Anouk Markovitz does a sensational job of bringing her characters to life in this novel. A Holocaust story of love, lust and religion, the book led this reader to tears, but also to laugh out loud. A boy’s parents and sister are killed in the Holocaust and he is raised by his cleaning lady. She baptizes him and pretends he is her own. At the same time, the daughter of Satmar Hasidim watches as her very pregnant mother and her father are shot by Nazis. The daughter, Mila, runs away to live with another Hasidic family outside of the danger zone.
Years pass. When the Holocaust is over, Mila’s adopted father, Zev Stern, learns of the boy, having known his father. He rescues him and sends him to America to learn in yeshiva, to make him Jewish again. Years later, the boy Yosef is ready to be married. A match is made between Mila and Yosef.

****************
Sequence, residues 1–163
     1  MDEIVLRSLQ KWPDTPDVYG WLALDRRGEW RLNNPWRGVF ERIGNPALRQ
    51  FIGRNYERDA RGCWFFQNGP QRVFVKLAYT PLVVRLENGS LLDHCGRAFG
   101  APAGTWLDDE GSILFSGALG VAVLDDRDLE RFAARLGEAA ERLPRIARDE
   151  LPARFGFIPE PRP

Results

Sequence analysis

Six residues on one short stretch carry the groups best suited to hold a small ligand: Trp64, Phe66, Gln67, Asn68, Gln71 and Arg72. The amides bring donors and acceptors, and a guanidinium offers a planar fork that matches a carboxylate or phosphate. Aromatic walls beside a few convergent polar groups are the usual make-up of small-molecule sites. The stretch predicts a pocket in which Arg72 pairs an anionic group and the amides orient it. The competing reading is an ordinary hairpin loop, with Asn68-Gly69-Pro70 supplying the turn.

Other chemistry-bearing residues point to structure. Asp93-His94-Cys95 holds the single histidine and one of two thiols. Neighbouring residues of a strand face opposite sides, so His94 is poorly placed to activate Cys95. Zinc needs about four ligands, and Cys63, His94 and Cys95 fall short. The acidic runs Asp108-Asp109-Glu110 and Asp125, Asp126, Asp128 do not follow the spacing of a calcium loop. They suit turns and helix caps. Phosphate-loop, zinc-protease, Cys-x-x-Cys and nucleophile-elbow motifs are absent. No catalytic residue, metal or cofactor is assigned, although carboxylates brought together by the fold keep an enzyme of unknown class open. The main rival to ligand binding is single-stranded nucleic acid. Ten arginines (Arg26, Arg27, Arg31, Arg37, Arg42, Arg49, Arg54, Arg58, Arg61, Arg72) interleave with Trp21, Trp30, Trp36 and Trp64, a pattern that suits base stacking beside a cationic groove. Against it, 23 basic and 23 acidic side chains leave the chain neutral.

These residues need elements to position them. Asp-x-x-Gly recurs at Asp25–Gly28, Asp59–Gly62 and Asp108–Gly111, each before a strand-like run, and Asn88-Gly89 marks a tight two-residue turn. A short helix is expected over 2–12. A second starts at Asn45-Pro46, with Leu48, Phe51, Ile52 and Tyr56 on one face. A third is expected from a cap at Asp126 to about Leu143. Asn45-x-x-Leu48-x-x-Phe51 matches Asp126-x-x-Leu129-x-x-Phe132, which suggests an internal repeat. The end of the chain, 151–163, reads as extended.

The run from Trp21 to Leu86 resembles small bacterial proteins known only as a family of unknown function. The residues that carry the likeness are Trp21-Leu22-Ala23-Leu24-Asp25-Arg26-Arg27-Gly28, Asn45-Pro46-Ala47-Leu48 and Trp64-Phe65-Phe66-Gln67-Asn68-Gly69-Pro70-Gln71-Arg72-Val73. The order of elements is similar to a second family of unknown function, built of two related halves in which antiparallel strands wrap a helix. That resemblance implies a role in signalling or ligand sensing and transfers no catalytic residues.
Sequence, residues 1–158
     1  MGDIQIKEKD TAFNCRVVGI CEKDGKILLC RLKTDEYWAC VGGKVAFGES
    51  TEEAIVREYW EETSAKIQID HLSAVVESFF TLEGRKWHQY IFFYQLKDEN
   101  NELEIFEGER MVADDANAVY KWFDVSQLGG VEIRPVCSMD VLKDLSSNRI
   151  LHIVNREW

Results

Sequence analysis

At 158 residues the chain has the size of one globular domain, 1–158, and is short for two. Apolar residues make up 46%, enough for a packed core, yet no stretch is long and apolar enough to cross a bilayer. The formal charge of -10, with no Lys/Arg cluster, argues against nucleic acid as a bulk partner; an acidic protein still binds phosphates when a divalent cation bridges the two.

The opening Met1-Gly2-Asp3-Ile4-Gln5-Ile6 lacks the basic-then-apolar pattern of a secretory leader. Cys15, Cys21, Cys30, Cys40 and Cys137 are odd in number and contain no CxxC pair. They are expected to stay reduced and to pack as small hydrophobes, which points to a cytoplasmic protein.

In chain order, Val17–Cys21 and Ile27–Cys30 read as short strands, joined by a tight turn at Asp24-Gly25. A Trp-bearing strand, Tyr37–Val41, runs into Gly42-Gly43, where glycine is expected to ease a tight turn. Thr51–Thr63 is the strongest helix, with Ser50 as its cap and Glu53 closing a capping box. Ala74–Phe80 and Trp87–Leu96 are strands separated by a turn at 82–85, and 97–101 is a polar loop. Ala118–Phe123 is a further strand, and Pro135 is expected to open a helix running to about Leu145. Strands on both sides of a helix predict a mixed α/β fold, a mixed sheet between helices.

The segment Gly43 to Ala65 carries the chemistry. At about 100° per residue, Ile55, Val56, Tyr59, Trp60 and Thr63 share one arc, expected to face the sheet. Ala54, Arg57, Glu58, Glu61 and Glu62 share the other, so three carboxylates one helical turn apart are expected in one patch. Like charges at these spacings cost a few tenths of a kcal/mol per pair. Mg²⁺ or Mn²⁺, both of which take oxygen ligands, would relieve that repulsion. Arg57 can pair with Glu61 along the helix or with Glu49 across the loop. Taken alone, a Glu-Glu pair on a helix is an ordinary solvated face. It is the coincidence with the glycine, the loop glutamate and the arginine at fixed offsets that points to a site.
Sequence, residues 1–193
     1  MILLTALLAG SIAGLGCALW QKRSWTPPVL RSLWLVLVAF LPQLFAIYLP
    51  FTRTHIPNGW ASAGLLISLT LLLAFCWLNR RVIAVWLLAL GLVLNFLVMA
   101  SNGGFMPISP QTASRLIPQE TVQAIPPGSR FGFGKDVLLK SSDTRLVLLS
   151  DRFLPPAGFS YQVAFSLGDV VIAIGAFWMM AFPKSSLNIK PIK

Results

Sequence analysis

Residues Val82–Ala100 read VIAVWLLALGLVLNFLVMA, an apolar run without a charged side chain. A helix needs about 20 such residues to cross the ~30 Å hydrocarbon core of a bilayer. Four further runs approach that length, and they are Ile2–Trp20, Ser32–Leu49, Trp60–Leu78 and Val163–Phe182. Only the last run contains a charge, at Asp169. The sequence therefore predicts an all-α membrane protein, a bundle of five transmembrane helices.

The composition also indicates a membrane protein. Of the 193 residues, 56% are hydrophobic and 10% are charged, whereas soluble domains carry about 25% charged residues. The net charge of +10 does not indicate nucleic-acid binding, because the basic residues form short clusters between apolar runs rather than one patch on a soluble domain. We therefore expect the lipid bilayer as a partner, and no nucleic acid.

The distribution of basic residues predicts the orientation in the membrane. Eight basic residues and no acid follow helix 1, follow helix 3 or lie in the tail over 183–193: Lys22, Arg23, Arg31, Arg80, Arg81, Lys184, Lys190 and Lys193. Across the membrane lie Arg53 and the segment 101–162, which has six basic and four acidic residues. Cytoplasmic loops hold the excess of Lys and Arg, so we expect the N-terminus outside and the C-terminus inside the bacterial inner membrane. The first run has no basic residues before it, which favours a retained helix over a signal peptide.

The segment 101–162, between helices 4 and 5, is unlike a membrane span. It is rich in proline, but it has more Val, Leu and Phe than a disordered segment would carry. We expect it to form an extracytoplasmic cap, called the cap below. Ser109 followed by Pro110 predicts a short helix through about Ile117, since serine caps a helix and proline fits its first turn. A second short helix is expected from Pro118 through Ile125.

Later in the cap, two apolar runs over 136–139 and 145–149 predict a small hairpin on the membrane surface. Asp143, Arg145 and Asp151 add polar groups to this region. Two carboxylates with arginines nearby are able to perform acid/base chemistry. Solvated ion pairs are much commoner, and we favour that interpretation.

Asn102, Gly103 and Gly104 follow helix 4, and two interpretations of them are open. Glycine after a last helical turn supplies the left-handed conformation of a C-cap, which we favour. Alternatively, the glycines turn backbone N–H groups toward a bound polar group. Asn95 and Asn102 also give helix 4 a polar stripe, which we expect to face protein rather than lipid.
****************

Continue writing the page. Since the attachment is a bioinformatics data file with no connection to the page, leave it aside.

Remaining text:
Unfortunately, Mila cannot seem to get pregnant. After 10 years, the couple still have no children. This is shameful in the Hasidic community and causes undue stress on the couple. Mila takes matters into her own hands, and the couple conceives and has a daughter. But Mila’s decision actually drives the couple
further apart and opens for both of them a world they cannot live within — nor live without.
Their daughter marries and has her own children, and when the oldest is about to marry, everything comes to the forefront, leading to suicide, tears, joy and tragedy.
“I Am Forbidden” opens up a hidden world to its readers. In a mix of fiction rooted in the deepest of reality, it raises questions, stokes yet quells fears, and makes the reader think.